Bengaluru: The governments of Karnataka and Kerala are at loggerheads again, even during the coronavirus emergency. The two states had had a political tug of war when the anti-Citizenship Amendment Act protests were taking place across the country, and now, Kerala Chief Minister Pinarayi Vijayan has written to Prime Minister Narendra Modi, seeking his intervention against Karnataka’s “partisan interests in the time of crisis”.
Karnataka is ruled by the BJP, with B.S. Yediyurappa as its chief minister.
The trigger for Vijayan’s letter to the PM is the death of a 70-year-old woman, Fathima, as the police at the Kerala-Karnataka border did not allow the ambulance carrying her to pass.
Fathima, a resident of Bantwal in Karnataka, had gone to Kerala’s Kasargod to visit her granddaughter two weeks ago, and developed breathing difficulties, due to which she was being rushed to the nearest hospital, in Mangaluru. The video showing the ambulance driver Aslam Kunjathur reaching Thalapaddy gate and being asked to return has gone viral.
#IndiaUnderLockdown: Ambulance carrying a 70-year-old woman from #Kerala's #Kasargod was stopped in #Mangaluru. The family alleges the woman passed away as the ambulance was now allowed to pass through. pic.twitter.com/GgGkjKsZMj
— NEWS9 (@NEWS9TWEETS) March 29, 2020
“I pleaded with the police that I have a pass. I also told them that the patient was serious and they could take a look inside. They plainly told me they do not want patients from Kerala,” Aslam told ThePrint.
In his letter to the PM, Vijayan quotes Karnataka officials as saying there have been several cases of Covid-19 in Kerala, and in Kasargod, “nearly 7,000” are under home quarantine.
“Kerala has identified 176 cases of Covid-19 as on 28/3/2020, of which majority are from these bordering district (Kasargod). Further 7,000 persons are reported to the quarantined in these districts. Any opening of this route will lead to possibilities of this virulent infection reaching Kodagu district (sic),” the letter quotes Karnataka officials as saying.
The Kerala CM says this is “totally contrary to the facts and ground realities”.
“The incidence of Covid-19 cases is mainly noticed in people returning from abroad. Government of Kerala has taken effective measures to contain the spread of Covid-19 to social contacts. We have put our machinery in full swing,” Vijayan states.
“It is totally incorrect to portray certain districts has been highly affected by Covid-19… A large number of people have been kept in isolation and observation as precautionary measure,” he says.
Vijayan further alleges that Karnataka officials are not allowing people to cross over even during medical emergencies as it may lead to a further spread of the infection if they open the borders to allow people to pass.
Kasargod MLA N.A. Nellikkunnu also spoke about the medical emergency aspect.
“We have several patients who are under dialysis in Kasargod and need to travel to Mangaluru for their treatment. There are patients who are undergoing chemotherapy and the closest hospital is Mangaluru for us. The situation is getting worse and we appeal to the Karnataka government and Modi to please allow people at least for medical emergencies,” he told ThePrint.
“We are not saying allow every Keralite into Karnataka; just the ones who need medical help.”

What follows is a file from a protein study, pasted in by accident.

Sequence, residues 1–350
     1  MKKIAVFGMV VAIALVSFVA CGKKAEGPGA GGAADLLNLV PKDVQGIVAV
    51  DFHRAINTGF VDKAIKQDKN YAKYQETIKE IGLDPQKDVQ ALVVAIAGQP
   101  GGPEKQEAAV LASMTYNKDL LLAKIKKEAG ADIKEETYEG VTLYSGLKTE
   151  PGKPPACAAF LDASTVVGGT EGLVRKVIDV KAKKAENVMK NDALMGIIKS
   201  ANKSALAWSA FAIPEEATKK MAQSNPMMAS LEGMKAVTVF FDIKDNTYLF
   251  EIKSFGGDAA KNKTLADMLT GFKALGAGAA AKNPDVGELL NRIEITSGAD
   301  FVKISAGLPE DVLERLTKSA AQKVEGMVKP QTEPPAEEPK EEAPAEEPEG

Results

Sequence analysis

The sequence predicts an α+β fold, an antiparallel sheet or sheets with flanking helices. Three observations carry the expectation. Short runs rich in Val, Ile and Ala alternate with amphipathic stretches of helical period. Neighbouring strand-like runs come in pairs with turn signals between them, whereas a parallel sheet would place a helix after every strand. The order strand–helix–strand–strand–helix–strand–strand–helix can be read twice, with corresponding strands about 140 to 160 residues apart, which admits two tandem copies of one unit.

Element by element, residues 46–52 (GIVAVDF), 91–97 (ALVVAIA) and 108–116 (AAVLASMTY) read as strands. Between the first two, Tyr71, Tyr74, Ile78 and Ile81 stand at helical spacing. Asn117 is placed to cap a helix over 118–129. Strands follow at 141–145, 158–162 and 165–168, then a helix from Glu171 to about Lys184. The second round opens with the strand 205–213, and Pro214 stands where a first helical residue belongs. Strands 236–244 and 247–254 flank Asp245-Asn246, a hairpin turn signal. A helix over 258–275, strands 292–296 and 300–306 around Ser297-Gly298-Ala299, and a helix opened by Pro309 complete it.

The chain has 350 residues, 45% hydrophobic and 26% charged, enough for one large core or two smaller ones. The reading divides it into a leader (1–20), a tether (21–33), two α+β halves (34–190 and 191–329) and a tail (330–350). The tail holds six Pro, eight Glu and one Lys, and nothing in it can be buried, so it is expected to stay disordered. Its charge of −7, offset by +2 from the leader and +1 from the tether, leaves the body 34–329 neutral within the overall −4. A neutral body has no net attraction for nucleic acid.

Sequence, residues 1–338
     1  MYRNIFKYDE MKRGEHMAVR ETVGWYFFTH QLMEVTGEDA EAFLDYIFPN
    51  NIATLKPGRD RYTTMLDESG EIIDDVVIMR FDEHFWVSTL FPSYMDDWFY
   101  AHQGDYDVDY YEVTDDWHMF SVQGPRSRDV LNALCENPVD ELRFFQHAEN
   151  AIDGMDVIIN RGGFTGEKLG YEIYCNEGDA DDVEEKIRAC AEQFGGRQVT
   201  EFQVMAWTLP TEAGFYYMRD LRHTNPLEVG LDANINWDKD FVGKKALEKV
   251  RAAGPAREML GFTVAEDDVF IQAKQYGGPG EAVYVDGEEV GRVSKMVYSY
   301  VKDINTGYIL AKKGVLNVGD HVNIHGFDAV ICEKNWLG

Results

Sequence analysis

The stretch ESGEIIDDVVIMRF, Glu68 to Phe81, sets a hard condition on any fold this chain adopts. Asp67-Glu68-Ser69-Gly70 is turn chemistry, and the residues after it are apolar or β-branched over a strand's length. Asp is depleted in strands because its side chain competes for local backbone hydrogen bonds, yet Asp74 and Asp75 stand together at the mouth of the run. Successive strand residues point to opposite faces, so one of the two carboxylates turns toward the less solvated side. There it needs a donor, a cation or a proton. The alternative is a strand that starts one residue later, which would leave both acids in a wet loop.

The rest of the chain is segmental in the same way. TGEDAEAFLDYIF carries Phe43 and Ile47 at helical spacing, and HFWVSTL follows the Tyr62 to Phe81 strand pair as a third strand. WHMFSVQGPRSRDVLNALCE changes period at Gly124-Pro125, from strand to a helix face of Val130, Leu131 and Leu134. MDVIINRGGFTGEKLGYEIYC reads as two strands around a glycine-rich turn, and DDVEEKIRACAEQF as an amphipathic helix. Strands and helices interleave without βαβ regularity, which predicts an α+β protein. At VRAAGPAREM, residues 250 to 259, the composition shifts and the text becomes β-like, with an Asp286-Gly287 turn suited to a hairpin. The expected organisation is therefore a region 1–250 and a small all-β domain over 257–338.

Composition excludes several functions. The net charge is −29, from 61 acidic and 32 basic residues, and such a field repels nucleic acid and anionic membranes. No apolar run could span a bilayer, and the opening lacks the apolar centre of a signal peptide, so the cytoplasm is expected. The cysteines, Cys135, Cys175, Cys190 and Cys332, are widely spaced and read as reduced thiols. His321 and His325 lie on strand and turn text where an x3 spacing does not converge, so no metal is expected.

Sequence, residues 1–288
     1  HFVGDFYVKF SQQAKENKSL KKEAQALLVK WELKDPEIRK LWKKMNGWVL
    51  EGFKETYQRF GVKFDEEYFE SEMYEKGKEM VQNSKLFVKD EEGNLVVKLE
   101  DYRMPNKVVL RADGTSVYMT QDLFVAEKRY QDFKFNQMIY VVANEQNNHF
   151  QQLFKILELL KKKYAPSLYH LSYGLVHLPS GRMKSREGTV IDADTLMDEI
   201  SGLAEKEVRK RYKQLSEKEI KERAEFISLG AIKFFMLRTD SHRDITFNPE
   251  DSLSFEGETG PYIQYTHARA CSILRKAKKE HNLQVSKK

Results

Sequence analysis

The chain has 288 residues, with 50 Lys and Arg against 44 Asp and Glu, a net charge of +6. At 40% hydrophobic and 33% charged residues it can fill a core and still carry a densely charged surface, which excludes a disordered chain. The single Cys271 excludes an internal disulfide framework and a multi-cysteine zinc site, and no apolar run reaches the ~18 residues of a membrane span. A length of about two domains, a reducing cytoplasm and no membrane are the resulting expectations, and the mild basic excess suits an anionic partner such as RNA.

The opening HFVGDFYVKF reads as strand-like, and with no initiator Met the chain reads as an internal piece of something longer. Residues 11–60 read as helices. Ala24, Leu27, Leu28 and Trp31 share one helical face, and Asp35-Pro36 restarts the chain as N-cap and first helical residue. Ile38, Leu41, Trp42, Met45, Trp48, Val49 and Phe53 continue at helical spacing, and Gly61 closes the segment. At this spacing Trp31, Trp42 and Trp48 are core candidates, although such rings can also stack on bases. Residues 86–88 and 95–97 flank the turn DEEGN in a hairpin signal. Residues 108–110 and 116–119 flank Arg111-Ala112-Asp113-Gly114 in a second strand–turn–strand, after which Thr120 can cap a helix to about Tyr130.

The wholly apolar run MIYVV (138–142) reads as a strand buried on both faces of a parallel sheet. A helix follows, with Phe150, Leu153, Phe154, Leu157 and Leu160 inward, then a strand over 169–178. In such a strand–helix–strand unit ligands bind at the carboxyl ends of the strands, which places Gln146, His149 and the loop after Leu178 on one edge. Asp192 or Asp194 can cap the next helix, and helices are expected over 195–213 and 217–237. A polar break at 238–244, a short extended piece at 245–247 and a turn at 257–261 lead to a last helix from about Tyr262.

Response from the Centre & Karnataka
Speaking to ThePrint, D.V. Sadananda Gowda, the Union minister for chemicals and fertilisers and former Karnataka CM, said the roads between the states were open for emergencies. He said he had intervened on the issue and there had been negotiations between the chief secretaries of both states.
“I have spoken to the district collector of Kasargod and I am told there are no issues at the border. Things are moving smoothly,” Gowda said.
However, Kasargod Collector Sajith Babu told ThePrint that “only essential services are being allowed through NH66”.
“We have 17 roads that connect Kerala and Karnataka, but only one is open for now and that too only essential services are being allowed,” Babu said.
“During this crisis, Kerala had opened five roads between the states, but Karnataka has closed four of them. Only one, NH66, is open. Ambulances are not being allowed,” he said.
Although there has been no official response from Karnataka, members of the ruling party say the borders will continue to remain sealed.
V. Sunil Kumar, MLA from Karkala in Karnataka, one of the border constituencies between the two states, told ThePrint: “We cannot allow the spread of the disease, which is at the stage of community transmission right now. What Pinarayi Vijayan has written to Modi, we request the PM not to accept it.
“By opening the borders, if it could help reduce or curb coronavirus, we would certainly do so. But at this time, if we do it, it will only spread the infection and ww should be careful. Karnataka will at no cost open the borders,” he said.
Vijayan’s letter has taken the confrontation between the states a notch higher.
During the anti-CAA protests, riots rocked Mangaluru on 19 December, and two people were killed in police firing. Karnataka’s Home Minister Basavaraj Bommai alleged that people from Kerala had indulged in violence in Mangaluru.
“People who had come from Kerala to participate in the protest also tried to set fire to a police station in Mangaluru and damaged public property. To control the mob, police had to use force,” Bommai told reporters soon after the incident.
The Mangaluru Police’s investigation into the violence also pointed to the role of Muslim outfits operating in Uttar Pradesh, Kerala and other states. Two persons — Abubakar Siddique and Moideen Hamiz — have been arrested, and notices issued to 30 others, including members of the Popular Front of India and the Social Democratic Party of India members, in connection with the violence.